In a World with billions of people going about their daily business coincidences are bound to occur. Whether you believe that they are caused by synchronicity and that co-incidences are caused by paranormal events, or you believe that they’re just an effect of causality, where truly large numbers make incredible coincidences an inevitable part of life, it’s still amazing that some events occur when the chances of them doing so are mind-bogglingly unlikely.
Every week millions of people buy lottery tickets, hoping that they will be the one to win a fortune, even though the chances of them doing so are incredibly unlikely, and someone out there always does hit that many millions to one strike, so we all know that improbable coincidences happen. But what are some of the most amazing coincidences throughout history? Read on to find out.
#10- The Philippines ‘My Way’ Killings
In the Philippines karaoke bars are a popular place for ordinary people to sit back and relax as they listen to amateur renditions of popular tunes, but Frank Sinatra’s classic 1969 hit ‘My Way’ has been banned in many of them due to a strange series of deaths connected to the song. By 2010 at least six murders had been attributed to people singing the song. This might not seem too surprising considering the frequency of violence in the poverty stricken country where illegally held guns are common and Karaoke is an incredibly popular past-time in all walks of life, but ‘My Way’ is different, and a strange superstition about the song has grown around the phenomenon. So often does violence occur when the song is sung that it has not only been removed from karaoke machines in most karaoke bars, but even private functions tend to frown upon it being sung. The exact number of ‘My Way’ killings is not known due to the frequency of violence in South-East Asia, which is often connected to the seriousness with with karaoke performances are viewed, but even conservative estimates suggest that at a least a dozen deaths have occurred due to the song.
#9 – The Titanic Prophecy
In 1898 an American author named Morgan Robertson published a book entitled ‘The Wreck of the Titan’, and in it he somehow managed to predict almost the exact circumstances of the sinking of the Titanic fourteen years later. His ship, named ‘Titan’ was the biggest ever built and unsinkable, just like the Titanic. The Titan, which was the biggest ship ever built, collided with an iceberg on its maiden voyage 400 nautical miles away from Newfoundland, exactly as the Titanic did, and it was travelling at 25 knots, when the Titanic would be travelling at 22.5 knots during it’s fateful voyage. Morgan Robertson even managed to predict almost the exact dimensions of the Titanic and its displacement of water. His ship, which was equipped with only enough lifeboats as the law insisted upon, and only four more than the actual Titanic, sunk with more than half of its 2,500 passengers being drowned at the site of the disaster. When the Titanic sunk in 1912 there were only 705 survivors from the original 2,200 passengers. Robertson was called clairvoyant by many after the Titanic disaster, although he denied any foreknowledge, merely citing his extensive knowledge of shipbuilding techniques learned in the merchant navy.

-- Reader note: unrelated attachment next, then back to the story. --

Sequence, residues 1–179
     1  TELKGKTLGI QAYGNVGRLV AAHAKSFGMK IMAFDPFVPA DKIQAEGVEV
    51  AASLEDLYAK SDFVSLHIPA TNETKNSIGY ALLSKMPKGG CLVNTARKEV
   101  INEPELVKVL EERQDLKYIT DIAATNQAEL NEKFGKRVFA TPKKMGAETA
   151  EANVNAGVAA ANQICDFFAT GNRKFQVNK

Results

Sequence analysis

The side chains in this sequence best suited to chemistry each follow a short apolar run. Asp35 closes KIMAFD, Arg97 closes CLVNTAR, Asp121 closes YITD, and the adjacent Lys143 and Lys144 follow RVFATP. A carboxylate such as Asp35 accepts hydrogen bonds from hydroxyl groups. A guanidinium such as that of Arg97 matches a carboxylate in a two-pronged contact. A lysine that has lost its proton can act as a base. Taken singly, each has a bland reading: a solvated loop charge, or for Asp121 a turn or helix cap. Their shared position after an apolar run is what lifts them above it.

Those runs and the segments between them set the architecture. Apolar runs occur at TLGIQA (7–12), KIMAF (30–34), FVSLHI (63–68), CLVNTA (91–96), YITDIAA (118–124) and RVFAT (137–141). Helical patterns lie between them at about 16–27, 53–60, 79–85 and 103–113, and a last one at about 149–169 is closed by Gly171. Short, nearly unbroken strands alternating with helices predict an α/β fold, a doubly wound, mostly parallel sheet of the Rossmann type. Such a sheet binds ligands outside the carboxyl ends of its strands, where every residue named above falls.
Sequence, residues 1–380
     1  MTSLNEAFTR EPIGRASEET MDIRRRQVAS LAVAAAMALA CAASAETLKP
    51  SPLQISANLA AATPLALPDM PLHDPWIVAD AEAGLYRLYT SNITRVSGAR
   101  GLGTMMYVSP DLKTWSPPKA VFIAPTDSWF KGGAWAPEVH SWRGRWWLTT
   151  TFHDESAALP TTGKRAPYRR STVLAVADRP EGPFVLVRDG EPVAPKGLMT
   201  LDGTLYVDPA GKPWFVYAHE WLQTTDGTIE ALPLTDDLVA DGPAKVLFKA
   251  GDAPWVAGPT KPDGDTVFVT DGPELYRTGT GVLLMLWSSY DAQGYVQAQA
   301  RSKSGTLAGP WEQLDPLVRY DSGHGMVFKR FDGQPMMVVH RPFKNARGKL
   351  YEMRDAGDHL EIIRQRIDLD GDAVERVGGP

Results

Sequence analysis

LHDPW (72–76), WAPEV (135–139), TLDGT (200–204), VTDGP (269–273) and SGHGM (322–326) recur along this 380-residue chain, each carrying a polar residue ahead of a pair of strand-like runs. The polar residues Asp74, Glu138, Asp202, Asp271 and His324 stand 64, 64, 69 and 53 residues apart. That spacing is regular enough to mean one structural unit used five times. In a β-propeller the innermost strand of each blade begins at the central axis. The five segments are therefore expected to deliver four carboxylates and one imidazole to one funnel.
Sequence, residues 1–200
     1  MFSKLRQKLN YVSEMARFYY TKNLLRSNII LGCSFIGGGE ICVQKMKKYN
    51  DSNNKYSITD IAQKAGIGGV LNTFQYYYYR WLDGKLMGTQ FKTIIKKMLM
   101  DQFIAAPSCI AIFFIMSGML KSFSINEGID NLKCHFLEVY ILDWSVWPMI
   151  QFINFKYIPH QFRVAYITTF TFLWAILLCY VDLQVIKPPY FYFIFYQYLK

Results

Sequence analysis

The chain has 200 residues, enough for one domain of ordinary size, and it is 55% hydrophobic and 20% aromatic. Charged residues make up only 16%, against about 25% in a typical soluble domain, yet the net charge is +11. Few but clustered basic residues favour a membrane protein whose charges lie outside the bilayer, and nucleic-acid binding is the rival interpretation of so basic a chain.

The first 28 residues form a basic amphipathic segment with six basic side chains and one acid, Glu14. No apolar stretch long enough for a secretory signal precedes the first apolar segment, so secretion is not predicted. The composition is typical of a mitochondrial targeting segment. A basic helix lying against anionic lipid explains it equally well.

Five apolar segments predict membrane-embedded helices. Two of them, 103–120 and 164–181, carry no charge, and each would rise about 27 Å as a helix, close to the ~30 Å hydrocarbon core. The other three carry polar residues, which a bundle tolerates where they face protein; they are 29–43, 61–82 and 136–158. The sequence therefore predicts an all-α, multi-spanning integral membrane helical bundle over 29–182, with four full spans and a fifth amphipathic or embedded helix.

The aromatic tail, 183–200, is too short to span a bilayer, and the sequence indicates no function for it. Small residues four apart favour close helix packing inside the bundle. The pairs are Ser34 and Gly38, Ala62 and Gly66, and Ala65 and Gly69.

#8 – The Unlikely Hotel Discoveries
In 1953 Chicago based reporter and television host Irv Kupcinet was staying in London, England to report on the coronation of Queen Elizabeth the second. While he was at the Savoy hotel in London he found a letter belonging to his friend Harry Hannin in his hotel room. Irv took the items home, intending to give them to his friend when he returned to America, but before he could do so he received a letter from Harry, the manager of The Harlem Globetrotters at the time, explaining that he too had made a discovery in a hotel room at exactly the same time. While staying at a hotel in Paris, France Harry had discovered a tie in his room, clearly marked as the property of his friend Irv Jupcinet.